Husband and Wife Capacity to Sue Each Other Law of Torts


 

CAPACITY

To Sue or Be Sued

 

This Article is written by Shashank, first year Law Student. This article discusses about Capacity of Husband and Wife to Sue each other for torts.


1. Act of State

2. Corporations

3. Minor

4. independent and Joint Tortfeasors (Composite Tortfeasors)

5. Husband and Wife

6. Persons having Parental and Quasi-parental authority

7. Persons having Judicial and Executive authority


In general, everybody has the right to sue and the potential to be sued in tort. There are several exceptions to this law in the case of such individuals, and their situation has been addressed in detail below. The role in the following situations is discussed in this article.

1. Act of State:  (Click Here to Read)

2. Corporations   (Click Here to Read)

3. Minor   (Click Here to Read)

4. Independent and Joint Tortfeasors (Composite Tortfeasors) (Click Here to Read)

5. Husband and wife ---

6. Persons having Parental or Quasi-parental authority (Click Here to Read)

7. Persons having Judicial and Executive authority (Click Here to Read) 

5. Husband and Wife

 

Action between spouses

There will be no tort suit against husband and wife in Common Law. If the other partner committed a tort, neither the wife nor the husband may sue the other spouse. The Married Women's Property Act of 1882 made a reform by allowing a married wife to sue her husband in tort for property rights and security. A choice of action was included in her house. She could sue her husband after her marriage if she had a lawsuit for injuries suffered by her husband before their marriage. ' A wife could only sue her husband for the safety and security of her property; she could not sue him for personal injury. She could complain if her husband ruined her watch, but she couldn't sue if he broke her legs due to negligence. The husband has no legal right to sue his wife for any harm that she has caused him.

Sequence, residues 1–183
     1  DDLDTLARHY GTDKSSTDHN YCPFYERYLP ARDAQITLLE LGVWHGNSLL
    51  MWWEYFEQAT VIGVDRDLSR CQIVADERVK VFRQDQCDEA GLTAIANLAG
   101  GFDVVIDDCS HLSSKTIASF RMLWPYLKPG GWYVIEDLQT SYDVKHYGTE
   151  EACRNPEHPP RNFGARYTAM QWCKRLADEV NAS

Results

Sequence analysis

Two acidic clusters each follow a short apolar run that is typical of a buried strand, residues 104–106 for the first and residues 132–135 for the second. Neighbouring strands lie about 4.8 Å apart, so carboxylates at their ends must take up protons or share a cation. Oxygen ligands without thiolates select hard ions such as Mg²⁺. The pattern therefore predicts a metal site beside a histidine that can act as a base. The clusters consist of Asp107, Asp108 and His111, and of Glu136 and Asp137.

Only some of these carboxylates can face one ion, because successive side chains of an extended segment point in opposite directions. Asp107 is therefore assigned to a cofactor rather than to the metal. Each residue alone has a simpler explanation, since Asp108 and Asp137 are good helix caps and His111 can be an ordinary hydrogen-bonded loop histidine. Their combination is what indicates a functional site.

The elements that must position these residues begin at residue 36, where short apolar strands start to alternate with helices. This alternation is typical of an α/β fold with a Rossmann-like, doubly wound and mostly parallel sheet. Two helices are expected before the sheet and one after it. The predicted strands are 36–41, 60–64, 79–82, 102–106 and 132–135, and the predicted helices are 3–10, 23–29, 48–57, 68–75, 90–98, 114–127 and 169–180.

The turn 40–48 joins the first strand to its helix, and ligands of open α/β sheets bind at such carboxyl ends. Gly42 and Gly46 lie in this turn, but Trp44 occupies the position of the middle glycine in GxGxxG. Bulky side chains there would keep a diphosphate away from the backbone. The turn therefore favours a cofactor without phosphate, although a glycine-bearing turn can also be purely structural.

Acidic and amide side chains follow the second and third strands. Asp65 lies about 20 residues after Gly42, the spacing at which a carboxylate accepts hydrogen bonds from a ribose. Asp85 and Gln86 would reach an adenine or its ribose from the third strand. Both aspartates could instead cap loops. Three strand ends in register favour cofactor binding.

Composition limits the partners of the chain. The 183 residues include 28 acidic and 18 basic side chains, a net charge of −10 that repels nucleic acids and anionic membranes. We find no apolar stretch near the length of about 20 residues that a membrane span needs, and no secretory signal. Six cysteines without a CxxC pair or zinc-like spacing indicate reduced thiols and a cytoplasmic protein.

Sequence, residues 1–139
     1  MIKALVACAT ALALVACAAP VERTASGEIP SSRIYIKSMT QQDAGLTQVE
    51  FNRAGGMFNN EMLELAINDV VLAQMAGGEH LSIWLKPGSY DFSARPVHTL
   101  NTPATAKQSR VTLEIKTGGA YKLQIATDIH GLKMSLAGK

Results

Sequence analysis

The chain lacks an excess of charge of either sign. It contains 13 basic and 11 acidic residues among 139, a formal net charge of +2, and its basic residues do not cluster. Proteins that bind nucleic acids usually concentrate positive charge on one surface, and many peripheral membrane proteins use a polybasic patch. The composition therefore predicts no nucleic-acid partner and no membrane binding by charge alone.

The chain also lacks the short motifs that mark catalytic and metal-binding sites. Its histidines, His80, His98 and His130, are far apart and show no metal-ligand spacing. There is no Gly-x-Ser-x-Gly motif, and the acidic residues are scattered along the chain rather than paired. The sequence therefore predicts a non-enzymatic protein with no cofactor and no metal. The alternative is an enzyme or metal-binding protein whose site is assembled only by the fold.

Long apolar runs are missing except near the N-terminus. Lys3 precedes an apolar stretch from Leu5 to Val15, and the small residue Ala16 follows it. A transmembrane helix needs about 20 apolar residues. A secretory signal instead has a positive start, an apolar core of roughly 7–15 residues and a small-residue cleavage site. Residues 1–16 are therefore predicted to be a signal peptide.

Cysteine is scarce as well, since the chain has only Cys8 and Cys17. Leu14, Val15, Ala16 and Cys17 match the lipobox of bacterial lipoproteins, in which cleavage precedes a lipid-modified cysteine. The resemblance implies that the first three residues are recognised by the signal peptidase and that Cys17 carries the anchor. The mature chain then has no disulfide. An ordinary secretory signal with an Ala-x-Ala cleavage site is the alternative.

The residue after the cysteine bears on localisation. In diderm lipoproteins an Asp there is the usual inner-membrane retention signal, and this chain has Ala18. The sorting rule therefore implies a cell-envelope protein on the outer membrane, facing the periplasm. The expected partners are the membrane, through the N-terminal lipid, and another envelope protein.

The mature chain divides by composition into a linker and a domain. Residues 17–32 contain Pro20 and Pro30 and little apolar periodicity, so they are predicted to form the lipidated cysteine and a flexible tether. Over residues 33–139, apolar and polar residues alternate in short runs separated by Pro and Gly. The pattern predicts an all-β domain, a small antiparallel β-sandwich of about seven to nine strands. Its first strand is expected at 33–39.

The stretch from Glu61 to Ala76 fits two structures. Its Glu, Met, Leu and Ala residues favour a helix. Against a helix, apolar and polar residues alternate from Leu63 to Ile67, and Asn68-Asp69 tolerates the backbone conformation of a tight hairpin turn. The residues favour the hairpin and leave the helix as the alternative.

The wife may sue the third party if the husband committed a tort while serving as an agent or servant for the third party, causing her harm. She was not barred from pursuing a claim against the third party only because her husband was not responsible for the injuries. Thus, if a husband injures his wife while driving a car on behalf of his mother, the wife will sue her mother-in-law. 3 The husband served in two capacities: (1) as a husband, and (2) as an agent for his mother, and he was assumed to be working in the capacity of an agent at the time of the accident in the above case.

In the case of Broom v. Morgan, it was decided that if a husband committed a tort against his wife while working for his master, the master was responsible. "If the servant is free from an action at the suit of the injured party due to a positive rule of law, the master is not absolved," Denning L.J. said. Regardless of the servant's privilege, the master's responsibility is his own and lies with him.

 

The Law Reform (Husband and Wife) Act of 1962 repealed the provision barring acts between partners. Still, as though they were unmarried, the husband and wife will sue each other. The Statute, however, prohibits one partner from suing the other during their marriage, and the court has been granted the discretion to stay the proceedings if it appears that no side can benefit much from the proceedings, or if the matter can be resolved more quickly under Section 17 of the Married Women's Property Act, 1882.

 

Husband's liability for wife's torts

 

Since the woman could not be charged individually in Common Law, if the wife committed a tort, an action could be brought against both the husband and the wife. As a result, a husband was responsible for his wife's post-marriage torts.' The Married Women's Land Act of 1882 made a husband responsible for his wife's prenuptial torts up to the value of the property he obtained from her. Because of the Law Reform (Married Women and Tortfeasors) Act of 1935, a husband is no longer responsible for any tort perpetrated by his wife, whether committed before or after marriage, simply because he is her husband. However, if the husband and wife are joint tortfeasors, they will be held jointly accountable.

Next: 

    Who Can Sue or Be Sued

1. Act of State:  (Click Here to Read)

2. Corporations  (Click Here to Read)

3. Minor (Click Here to Read)

4. Independent and Joint Tortfeasors (Composite Tortfeasors)(Click Here to Read)

5. Husband and wife ---

6. Persons having Parental or Quasi-parental authority (Click Here to Read)

7. Persons having Judicial and Executive authority (Click Here to Read)


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